Posts Tagged With: Newt Gingrich

This and that from re Thai r ment, by 3Th. December 23, 2011

HAPPY HOLIDAYS TO ALL.

Attached is my Holiday gift to you. Your own personal calendar with which you can replace the Gregorian version if you have a mind to.

You can name your own months and days of the week if you want. It cinsists of 12 months of either 28 or 35 days (I got the Idea from Social Security. You may not know it but they pay you on a schedule of one 35 day month for every two 28 day months. That is why on certain months you feel you have run out of money a week before the next check is supposed to arrive.)

You can name the months whatever you wish, I did using the many things people have called me over the years. The days of the week always fall on the same days every month. I have included the regular calendar days for reference and a copy of my personal version. I am writing this on Tuesday Joseph 3, 0001. Christmas falls on Thursday Joseph 5, 0001. (Oh and the world ends on Sunday, Joseph 1, 0002.)

I know it is silly, but what else can an old retired guy do while he is spending a few days in a sick-bed? There is only so much time one can spend on the internet without going bonkers and I think I passed that about 3 months ago.

Have fun and enjoy your holidays.

Your Personal Non-Gregorian Calendar:

Image not available at this time

Pookie’s:

Image not available at this time.

POOKIE FOR PRESIDENT:

Please see the blog: http://papajoestales.wordpress.com/

1. What Anne Coulter might say if she were running for President:

“Give the park police more ammo.”
~Newt Gingrich, responding to a reporter who asked what to do about the homeless a few days after the police shot a homeless man in front of the White House.

No, I have not yet found a Democrat or a Liberal politician or commentator advocating shooting those whom they disagree with or dislike. I seek your help in locating one. Perhaps I could point to the Obama administration killing bin Laden and many of the al Qaeda leadership as the functional equivalent.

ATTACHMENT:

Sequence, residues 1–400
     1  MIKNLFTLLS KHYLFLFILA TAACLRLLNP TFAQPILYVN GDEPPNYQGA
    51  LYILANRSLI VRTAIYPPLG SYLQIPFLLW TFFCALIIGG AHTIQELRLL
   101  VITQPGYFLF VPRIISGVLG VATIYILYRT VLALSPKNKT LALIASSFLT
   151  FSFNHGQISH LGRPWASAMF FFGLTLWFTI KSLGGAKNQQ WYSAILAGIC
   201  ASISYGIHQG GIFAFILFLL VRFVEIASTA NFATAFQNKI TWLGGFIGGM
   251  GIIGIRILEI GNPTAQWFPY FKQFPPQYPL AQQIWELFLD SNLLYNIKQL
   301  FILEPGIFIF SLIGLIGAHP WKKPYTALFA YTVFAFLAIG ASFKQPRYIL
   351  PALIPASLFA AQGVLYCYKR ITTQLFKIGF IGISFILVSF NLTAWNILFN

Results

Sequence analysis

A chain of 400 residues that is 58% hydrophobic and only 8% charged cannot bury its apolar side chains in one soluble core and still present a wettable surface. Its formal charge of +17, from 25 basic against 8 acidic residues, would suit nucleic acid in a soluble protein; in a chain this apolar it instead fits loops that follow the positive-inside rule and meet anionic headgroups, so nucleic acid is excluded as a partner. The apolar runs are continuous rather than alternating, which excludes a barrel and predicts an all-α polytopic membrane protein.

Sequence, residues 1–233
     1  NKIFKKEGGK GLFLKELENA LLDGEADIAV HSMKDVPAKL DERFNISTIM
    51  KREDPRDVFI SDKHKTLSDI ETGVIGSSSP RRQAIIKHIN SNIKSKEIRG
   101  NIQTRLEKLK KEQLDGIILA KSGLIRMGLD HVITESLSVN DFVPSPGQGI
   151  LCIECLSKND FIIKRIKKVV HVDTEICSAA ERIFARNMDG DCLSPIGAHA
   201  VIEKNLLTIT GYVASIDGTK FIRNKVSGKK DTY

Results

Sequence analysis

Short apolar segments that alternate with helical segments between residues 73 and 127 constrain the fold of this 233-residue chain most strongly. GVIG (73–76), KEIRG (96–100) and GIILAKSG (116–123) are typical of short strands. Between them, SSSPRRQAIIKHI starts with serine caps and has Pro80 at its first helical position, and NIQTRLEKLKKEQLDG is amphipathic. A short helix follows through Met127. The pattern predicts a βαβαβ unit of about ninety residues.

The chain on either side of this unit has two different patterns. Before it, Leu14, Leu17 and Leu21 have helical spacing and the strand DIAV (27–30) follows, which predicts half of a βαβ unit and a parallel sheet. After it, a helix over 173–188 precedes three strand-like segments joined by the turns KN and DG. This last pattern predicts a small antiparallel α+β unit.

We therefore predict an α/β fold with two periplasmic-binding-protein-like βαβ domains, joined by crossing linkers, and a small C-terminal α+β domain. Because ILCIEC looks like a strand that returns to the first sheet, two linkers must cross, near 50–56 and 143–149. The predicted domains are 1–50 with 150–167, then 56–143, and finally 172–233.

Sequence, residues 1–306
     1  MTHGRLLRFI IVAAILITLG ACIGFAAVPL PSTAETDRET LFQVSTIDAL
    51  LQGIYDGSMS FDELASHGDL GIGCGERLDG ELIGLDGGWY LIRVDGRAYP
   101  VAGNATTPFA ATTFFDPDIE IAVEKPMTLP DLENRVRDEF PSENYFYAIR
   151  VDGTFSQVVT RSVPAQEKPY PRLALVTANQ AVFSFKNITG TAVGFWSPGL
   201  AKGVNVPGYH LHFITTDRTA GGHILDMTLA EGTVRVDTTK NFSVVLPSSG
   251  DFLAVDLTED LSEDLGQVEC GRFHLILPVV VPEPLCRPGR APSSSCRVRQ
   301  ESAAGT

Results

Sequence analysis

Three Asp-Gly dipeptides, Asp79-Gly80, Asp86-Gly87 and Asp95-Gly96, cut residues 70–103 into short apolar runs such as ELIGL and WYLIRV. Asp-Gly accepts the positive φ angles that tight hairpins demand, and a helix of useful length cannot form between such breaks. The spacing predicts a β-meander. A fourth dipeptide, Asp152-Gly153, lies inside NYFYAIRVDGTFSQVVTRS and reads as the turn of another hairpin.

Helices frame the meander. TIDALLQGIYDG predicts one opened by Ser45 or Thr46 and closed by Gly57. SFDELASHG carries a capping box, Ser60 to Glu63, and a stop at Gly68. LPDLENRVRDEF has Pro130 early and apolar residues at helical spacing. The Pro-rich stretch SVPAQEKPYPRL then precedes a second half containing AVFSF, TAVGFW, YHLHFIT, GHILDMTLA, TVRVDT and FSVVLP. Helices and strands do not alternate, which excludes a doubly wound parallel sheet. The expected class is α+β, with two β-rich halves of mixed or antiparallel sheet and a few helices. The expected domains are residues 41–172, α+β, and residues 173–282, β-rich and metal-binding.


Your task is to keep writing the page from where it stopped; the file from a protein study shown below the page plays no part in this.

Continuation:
2. The Buddy Roemer Republican alternative:

Politics has been completely corrupted by “Super PACs” and other special interest money, and the worst offender is former House Speaker Newt Gingrich, who received $1.8 million from Freddie Mac, the troubled government sponsored mortgage giant, for providing dubious strategic advice. “I want as president a woman or a man who is clean, who has the power to lead and who tells the truth,” Roemer says. “Newt does not fit those characteristics.”

3. David Frum Republican Party consultant explains Faux News Think:

“The business model of the conservative media is built on two elements: provoking the audience into a fever of indignation (to keep them watching) and fomenting mistrust of all other information sources (so that they never change the channel). As a commercial proposition, this model has worked brilliantly in the Obama era. As journalism, not so much.”

TODAY’S FACTOIDS:

1. 5000 BC until now:

If you ask me this is all too much light. Can’t we have a little more darkness? Does that make me an Atheist?

2. 2001 to 2012:

$1.26 Trillion – Total amount appropriated by Congress for the wars in Iraq and Afghanistan through the end of Fiscal Year 2011 (September 30, 2011), — $797.3 billion for Iraq and $459.8 billion for Afghanistan. See NPP’s “Cost of War” Counters.

$7.6 Trillion – The total amount spent on “security” by the US government since the terrorist attacks of September 11, 2001, (through the end of Fiscal Year 2011). See NPP’s analysis “US Security Spending Since 9/11.”

3. 2011: Approximately 57 percent of all children in the United States are living in homes that are either considered  “low-income” or impoverished.

4. 1941, December 18:

Heinrich Himmler‘s notes on his meeting with Adolf Hitler:
Jewish Question / to be exterminated like the partisans.

The banality of evil

POOKIE’S ADVENTURES IN THAILAND:

My schedule seems to be changing once again. I will not be coming to the US until mid-January.

PETRILLO’S COMMENTARY: